Demolition of Marawi’s Ground Zero starts after Ramadan; Swiss Challenge next week

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DAVAO CITY (MindaNews / 17 May) — The groundbreaking ceremony in Marawi City’s Ground Zero, intended to signal the start of development work in the former main battle area between government forces and the IS-inspired Maute Group, has been moved from June 7 to June 16, in deference to the Ramadan, the month-long fasting, Housing Secretary Eduardo del Rosario, chair of Task Force Bangon Marawi (TFBM) said.

Del Rosario told MindaNews in a telephone interview Wednesday night  that the groundbreaking rites, which President Rodrigo Duterte will grace to “witness the demolition” will depend on the outcome of the Swiss Challenge but the tentative date, set before the Ramadan began, is June 16.

Ramadan started on May 17.

Residents scavenge for whatever has value from the ruins of their homes and buildings during the Kambisita sa MAA (Visit the Most Affected Area) on May 9, 2018. Kambisita allowed residents of Ground Zero to visit their villages at three days per sector, from 6 a.m. to 3 p.m. on April 1 to May 10. MindaNews photo by FROILAN GALLARDO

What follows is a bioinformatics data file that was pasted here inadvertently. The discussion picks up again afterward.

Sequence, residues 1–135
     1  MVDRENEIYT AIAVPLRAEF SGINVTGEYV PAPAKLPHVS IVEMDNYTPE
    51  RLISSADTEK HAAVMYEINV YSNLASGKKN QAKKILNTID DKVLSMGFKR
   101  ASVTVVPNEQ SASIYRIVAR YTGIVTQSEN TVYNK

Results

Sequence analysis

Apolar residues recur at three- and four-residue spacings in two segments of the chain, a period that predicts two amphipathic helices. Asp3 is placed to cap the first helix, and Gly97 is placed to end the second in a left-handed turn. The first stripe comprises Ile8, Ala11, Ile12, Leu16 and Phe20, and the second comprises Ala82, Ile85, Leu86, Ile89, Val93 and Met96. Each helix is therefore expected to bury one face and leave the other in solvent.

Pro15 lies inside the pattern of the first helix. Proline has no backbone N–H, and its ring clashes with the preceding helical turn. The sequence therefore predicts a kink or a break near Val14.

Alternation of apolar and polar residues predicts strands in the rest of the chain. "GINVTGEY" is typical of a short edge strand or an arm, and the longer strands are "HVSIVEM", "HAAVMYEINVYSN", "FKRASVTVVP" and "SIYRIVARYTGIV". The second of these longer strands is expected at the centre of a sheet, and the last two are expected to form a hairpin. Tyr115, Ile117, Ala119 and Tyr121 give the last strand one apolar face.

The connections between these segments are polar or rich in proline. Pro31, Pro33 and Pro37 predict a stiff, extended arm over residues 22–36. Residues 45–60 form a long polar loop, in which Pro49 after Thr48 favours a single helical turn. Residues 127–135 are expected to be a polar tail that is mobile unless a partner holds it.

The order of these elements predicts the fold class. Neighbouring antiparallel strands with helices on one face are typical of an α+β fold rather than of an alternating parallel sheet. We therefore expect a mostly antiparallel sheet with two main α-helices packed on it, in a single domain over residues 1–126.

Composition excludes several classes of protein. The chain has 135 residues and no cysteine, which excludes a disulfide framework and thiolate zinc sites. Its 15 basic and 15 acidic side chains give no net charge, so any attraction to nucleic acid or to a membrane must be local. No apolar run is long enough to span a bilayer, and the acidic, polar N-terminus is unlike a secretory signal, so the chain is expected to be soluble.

Del Rosario said negotiations with the Bagong Marawi Consortium (BMC), composed of five Chinese and four FIlipino firms will begin on May 17 and will take seven to 10 days.

He said the Bangon Marawi Selection Committee, the equivalent of the Bids and Awards Committee, is negotiating on behalf of the government on “all itemized projects as to quality and costs,” after which it will be subjected to the Swiss Challenge which will run for three weeks.

The Swiss Challenge is a form of procurement where government receives an unsolicited bid and in the event another proponent submits a lower price proposal, the original proponent shall have the right to match that price.

Del Rosario had explained in a press briefing in Malacanang on December 1, 2017 that there would be no public bidding in developing the 250-hectare Ground Zero which comprised 24 barangays before the Marawi Siege.

He said they called “big-time developers, foreign and national” and allowed them to see Ground Zero, now referred to as MAA or “most affected area” so they could submit their “unsolicited proposal.”